68. Romberg, T. A., & Shafer, M. C. (2004). Purpose, plans, goals, and conduct of the study (Monograph 1). Madison: University of Wisconsin—Madison.Google Scholar
  69. Romberg, T. A., Shafer, M. C., Webb, D. C., & Folgert, L. (2005). The impact of MiC on student achievement (Monograph 5). Madison: University of Wisconsin—Madison.Google Scholar
  70. Ross, B. H. (1987). This is like that: the use of earlier problems and the separation of similarity effects. Journal of Experimental Psych: Learning, Memory, and Cognition, 13, 629–639.Google Scholar
  71. Rutherford, T., Kibrick, M., Burchinal, M., Richland, L., Conley, A., Osborne, K., et al., (2010). Spatial temporal mathematics at scale: an innovative and fully developed paradigm to boost math achievement among all learners. Paper presented at AERA, Denver CO.Google Scholar
  72. Scheiter, K., Gerjets, P., & Schuh, J. (2010). The acquisition of problem-solving skills in mathematics: how animations can aid understanding of structural problem features and solution procedures. Instructional Science, 38, 487–502. doi: 10.1007/s11251-009-9114-9.CrossRefGoogle Scholar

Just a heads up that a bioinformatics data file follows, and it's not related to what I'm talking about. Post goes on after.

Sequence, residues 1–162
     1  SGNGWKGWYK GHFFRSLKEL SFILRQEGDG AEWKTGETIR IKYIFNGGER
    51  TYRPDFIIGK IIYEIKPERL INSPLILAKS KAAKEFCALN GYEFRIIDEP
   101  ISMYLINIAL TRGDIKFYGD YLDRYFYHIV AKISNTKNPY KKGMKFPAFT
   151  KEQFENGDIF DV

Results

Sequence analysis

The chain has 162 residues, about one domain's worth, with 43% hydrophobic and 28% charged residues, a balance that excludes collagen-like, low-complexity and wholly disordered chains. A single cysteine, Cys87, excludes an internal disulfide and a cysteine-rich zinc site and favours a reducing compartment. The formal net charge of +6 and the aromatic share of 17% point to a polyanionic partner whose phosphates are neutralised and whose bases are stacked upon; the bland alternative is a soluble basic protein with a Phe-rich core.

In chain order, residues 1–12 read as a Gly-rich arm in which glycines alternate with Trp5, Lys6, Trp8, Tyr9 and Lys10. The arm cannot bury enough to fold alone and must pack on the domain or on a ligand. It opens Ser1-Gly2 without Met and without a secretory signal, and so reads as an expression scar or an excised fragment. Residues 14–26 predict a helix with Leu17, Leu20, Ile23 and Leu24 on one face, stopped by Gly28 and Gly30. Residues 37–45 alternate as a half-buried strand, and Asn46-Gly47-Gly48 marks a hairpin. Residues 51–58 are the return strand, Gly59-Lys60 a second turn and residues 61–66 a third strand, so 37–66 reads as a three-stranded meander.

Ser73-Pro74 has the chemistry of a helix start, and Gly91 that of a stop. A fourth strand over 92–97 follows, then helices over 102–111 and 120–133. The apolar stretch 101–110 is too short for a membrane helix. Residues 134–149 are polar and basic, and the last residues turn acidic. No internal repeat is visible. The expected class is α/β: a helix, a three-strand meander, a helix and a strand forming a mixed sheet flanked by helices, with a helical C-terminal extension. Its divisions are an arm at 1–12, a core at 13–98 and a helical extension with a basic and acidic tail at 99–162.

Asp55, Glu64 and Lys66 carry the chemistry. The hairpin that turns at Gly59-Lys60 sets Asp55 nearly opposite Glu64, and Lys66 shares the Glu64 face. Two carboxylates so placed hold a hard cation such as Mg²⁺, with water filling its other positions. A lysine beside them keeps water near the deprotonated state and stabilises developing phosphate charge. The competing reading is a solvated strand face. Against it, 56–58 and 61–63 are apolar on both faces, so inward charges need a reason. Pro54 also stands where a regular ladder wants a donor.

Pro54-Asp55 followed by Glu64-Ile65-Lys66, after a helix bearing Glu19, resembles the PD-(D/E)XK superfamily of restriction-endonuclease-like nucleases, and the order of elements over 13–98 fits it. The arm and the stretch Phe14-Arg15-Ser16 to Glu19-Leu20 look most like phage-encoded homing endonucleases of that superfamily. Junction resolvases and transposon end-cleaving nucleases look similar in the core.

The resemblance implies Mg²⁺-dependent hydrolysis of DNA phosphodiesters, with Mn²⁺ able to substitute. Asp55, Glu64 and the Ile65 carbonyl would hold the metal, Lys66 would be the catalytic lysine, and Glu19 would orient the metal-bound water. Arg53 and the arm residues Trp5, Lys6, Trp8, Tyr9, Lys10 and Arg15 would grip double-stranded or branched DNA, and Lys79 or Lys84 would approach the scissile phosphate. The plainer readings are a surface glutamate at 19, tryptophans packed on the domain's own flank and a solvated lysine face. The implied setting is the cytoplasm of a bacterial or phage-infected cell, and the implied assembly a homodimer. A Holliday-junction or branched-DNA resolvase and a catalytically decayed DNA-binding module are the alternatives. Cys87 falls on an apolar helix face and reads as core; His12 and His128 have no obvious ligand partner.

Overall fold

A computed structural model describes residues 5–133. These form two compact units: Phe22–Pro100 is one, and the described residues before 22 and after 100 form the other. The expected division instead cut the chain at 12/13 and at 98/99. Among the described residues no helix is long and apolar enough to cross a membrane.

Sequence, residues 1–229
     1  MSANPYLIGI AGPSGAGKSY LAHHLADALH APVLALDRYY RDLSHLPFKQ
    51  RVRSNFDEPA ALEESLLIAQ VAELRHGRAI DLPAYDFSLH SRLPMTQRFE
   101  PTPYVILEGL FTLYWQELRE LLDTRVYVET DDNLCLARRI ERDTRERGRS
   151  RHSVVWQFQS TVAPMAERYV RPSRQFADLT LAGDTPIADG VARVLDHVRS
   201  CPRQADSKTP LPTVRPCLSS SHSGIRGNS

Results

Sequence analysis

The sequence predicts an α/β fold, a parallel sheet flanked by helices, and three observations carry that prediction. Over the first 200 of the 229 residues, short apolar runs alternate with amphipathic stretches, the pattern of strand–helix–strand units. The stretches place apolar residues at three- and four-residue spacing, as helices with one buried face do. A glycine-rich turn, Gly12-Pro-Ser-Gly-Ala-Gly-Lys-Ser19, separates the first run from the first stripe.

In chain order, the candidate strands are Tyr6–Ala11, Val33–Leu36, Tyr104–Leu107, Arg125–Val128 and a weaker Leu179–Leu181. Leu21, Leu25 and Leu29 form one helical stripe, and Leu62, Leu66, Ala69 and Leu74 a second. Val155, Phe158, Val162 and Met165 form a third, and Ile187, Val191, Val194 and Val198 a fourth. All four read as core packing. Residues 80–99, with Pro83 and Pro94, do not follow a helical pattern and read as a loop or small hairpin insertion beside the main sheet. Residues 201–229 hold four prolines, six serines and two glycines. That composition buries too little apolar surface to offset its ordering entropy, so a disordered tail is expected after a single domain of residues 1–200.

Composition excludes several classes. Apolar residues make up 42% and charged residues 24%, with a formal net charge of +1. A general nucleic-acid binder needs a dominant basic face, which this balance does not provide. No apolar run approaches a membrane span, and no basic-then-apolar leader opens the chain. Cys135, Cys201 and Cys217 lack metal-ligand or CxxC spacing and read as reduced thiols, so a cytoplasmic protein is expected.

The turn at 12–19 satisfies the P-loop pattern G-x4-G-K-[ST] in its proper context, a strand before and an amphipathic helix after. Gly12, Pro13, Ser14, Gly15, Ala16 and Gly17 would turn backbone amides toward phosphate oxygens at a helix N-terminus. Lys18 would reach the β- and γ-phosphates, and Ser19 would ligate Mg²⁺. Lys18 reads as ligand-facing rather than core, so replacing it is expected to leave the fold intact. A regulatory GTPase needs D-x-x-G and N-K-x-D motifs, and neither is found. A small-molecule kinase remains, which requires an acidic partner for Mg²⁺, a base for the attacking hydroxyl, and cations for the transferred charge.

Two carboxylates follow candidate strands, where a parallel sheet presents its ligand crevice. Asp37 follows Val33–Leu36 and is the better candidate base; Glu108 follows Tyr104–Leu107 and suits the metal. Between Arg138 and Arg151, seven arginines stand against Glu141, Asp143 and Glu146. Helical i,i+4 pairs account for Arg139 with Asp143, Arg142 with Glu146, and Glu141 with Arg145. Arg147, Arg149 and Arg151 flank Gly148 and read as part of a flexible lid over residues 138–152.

73. Schliemann, A. D., & Carraher, D. W. (2002). The evolution of mathematical reasoning: everyday versus idealized understandings. Developmental Review, 22, 242–266.CrossRefGoogle Scholar
  74. Schwartz, D. L., Chase, C. C., Oppezzo, M. A., & Chin, D. B. (2011). Practicing versus inventing with contrasting cases: the effects of telling first on learning an transfer. Journal of Educational Psychology, 103(4), 759–775. doi: 10.1037/a0025140.CrossRefGoogle Scholar
  75. Schwonke, R., Berthold, K., & Renkl, A. (2009). How multiple external representations are used and how they can be made more useful. Applied Cognitive Psychology, 23(9), 1227–1243.CrossRefGoogle Scholar
  76. Sherman, J., & Bisanz, J. (2009). Equivalence in symbolic and non-symbolic contexts: benefits of solving problems with manipulatives. Journal of Educational Psychology, 101, 88–100.CrossRefGoogle Scholar